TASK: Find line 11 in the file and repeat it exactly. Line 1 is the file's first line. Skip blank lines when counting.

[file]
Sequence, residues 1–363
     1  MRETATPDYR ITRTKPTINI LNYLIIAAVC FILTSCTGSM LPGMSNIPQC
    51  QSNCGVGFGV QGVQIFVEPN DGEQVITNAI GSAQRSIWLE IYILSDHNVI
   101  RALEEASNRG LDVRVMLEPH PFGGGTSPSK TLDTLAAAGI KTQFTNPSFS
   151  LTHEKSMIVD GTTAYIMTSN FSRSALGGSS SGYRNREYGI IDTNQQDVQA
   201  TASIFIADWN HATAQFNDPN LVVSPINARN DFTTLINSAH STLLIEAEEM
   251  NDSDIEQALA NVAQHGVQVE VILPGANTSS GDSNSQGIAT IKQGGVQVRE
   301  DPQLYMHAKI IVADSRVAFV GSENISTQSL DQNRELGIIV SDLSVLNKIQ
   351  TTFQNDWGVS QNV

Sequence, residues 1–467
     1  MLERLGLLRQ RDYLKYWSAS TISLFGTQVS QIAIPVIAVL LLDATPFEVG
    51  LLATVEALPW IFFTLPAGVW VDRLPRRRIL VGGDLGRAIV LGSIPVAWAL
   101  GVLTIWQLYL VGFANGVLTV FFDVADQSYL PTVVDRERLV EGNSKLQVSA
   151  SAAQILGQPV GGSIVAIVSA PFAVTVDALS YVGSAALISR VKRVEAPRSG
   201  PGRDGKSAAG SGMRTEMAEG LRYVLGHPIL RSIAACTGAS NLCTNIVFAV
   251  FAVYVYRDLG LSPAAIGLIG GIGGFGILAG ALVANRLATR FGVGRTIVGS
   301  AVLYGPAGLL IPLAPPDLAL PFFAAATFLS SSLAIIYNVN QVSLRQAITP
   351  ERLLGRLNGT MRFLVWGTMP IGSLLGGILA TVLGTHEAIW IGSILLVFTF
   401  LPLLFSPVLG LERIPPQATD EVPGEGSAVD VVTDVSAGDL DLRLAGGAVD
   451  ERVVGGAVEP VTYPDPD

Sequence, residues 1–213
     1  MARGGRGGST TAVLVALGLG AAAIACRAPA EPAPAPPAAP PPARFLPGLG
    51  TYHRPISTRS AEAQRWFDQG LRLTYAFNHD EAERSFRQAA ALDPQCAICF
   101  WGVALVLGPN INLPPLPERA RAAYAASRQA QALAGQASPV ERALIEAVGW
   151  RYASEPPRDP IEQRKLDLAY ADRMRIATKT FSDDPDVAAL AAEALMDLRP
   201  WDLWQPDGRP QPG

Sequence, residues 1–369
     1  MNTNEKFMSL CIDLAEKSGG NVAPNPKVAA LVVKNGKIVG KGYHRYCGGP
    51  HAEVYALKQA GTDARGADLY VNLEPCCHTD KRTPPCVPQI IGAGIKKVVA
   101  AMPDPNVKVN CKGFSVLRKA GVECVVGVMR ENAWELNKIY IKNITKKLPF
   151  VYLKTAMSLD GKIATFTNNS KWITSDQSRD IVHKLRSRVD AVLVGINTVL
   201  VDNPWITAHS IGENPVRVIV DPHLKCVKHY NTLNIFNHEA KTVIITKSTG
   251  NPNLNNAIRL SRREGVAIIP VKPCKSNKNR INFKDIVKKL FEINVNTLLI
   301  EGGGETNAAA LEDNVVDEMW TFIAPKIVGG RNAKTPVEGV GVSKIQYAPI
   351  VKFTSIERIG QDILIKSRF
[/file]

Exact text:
     1  MLERLGLLRQ RDYLKYWSAS TISLFGTQVS QIAIPVIAVL LLDATPFEVG